Are the poor results as an indicative of a failing system as they seem? How worried should parents really be?
Earlier this week, you may have seen the news that the literacy results of school pupils have fallen over the last four years. This was the result of the Scottish Survey of Literacy and Numeracy, an annual survey which monitors national performance of school children at P4, P7 and S2 in literacy and numeracy in alternate years.
The survey found that found that less than half of Scotland's 13 and 14-year-olds (S2) are now performing well in writing. P4 and P7 pupils also saw a drop in writing performance. The reading ability of P4, P7 and S2 pupils remains broadly similar to 2014 - but lower than 2012 and there has been no reduction in the big gap between the performance of the country's wealthiest and most deprived pupils.
There was little that is good in these numbers, though probably most concerning is the information around S2 literacy.
However, as with everything in education, things are not simple. It’s important to understand that the way the material for this survey is gathered and marked is different to other surveys and assessments. For example, the writing results aren’t calculated per pupil but per individual piece of writing from different subject areas, written with different purposes.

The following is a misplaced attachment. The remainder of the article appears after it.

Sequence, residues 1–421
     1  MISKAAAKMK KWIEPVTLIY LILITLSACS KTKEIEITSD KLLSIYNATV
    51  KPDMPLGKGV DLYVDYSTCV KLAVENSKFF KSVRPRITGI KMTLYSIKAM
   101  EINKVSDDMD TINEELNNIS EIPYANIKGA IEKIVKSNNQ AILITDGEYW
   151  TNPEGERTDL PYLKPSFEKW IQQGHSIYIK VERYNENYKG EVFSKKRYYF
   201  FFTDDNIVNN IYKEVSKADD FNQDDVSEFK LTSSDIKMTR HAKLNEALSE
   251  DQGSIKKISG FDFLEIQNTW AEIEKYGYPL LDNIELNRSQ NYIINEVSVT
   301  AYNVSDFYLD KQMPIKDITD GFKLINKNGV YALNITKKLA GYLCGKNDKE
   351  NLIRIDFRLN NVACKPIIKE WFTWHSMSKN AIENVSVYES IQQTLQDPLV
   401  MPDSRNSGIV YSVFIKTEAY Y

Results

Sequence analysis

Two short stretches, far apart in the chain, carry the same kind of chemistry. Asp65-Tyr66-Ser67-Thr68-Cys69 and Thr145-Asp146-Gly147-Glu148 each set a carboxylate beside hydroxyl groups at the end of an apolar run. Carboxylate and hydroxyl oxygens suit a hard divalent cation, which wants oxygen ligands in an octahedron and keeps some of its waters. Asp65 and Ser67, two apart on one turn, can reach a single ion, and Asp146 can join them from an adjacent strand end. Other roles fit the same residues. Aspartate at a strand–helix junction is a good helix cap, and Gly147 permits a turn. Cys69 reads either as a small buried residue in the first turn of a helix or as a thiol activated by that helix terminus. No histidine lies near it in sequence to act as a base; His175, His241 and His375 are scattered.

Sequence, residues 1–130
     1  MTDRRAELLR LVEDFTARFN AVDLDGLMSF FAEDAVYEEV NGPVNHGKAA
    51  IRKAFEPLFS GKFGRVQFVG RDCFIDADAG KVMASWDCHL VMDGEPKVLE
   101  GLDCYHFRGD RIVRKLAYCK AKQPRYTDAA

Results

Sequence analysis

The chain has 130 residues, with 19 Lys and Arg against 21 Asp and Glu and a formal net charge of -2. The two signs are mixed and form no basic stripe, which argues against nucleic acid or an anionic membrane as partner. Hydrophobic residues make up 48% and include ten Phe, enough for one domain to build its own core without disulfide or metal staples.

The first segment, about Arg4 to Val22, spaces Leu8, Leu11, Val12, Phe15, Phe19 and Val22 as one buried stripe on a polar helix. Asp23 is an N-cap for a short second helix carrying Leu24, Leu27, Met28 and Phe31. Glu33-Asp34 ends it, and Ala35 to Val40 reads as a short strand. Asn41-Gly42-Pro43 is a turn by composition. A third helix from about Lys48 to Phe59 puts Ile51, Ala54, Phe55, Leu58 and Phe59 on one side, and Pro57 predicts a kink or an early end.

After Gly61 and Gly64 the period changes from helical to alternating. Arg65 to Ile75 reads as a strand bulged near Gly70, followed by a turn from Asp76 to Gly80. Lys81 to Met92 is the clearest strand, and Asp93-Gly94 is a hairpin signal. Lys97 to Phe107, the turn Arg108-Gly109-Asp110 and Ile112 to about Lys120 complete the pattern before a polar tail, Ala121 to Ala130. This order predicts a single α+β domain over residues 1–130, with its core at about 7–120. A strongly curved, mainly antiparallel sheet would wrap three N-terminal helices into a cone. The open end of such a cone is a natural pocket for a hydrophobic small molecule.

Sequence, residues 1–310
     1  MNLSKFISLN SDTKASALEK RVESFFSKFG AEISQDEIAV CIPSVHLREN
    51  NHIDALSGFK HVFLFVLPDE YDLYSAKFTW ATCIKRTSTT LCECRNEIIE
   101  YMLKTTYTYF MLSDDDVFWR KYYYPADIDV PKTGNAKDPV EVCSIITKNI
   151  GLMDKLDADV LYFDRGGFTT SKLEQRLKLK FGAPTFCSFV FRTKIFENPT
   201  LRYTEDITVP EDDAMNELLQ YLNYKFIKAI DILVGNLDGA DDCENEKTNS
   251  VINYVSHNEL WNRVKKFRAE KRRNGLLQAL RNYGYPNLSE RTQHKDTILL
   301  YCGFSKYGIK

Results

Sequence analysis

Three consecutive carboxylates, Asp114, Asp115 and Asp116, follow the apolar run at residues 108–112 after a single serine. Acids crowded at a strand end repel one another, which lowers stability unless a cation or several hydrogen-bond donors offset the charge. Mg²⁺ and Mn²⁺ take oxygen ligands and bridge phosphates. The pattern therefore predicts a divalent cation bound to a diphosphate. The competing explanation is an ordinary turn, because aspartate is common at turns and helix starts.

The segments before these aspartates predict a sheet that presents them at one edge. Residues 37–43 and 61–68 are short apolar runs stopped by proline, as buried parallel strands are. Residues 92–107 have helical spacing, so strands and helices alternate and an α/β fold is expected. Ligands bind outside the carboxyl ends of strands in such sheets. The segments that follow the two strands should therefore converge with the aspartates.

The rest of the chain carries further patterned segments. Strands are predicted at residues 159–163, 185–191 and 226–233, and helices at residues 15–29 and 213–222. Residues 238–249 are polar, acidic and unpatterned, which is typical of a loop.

The S2 results are problematic because they are measured against the expectations for S3 pupils.
These results also focus purely on a decline in academic results and do not take into account other problems which are part of the big picture. Dropping numbers of support staff and reduced access to professionally staffed libraries are only part of the story. The education system is also hundreds of teachers short. Additionally, we know that poverty has a massive impact on how kids do at school – and families all over Scotland are struggling. All of this brought together will certainly have an impact on literacy standards.
It’s also important to remember that assessment in itself does not improve learning - and there is a strong argument against standardised assessments. Last week, one of the Government’s senior international advisers attacked standardised testing , saying it causes “ill-being” in students and devalues teacher judgement.
Too much focus on assessment causes stress for both pupils and teachers, tends to cause teaching to the test, and takes time away from learning.
Overall, there was little that is good in these numbers. Perhaps the only positive is the data which shows that pupil engagement with parents and teachers is good. Generally, at least half of pupils have reported that someone at home engages with them about school ‘very often’.
We are entering an era of over assessment. At SPTC, our preference is for a focus on teaching and learning, supported by strong family engagement.
If you’d like to read more about the findings of the 2016 SSLN, you can find the full report here: http://bit.ly/2pCEVgw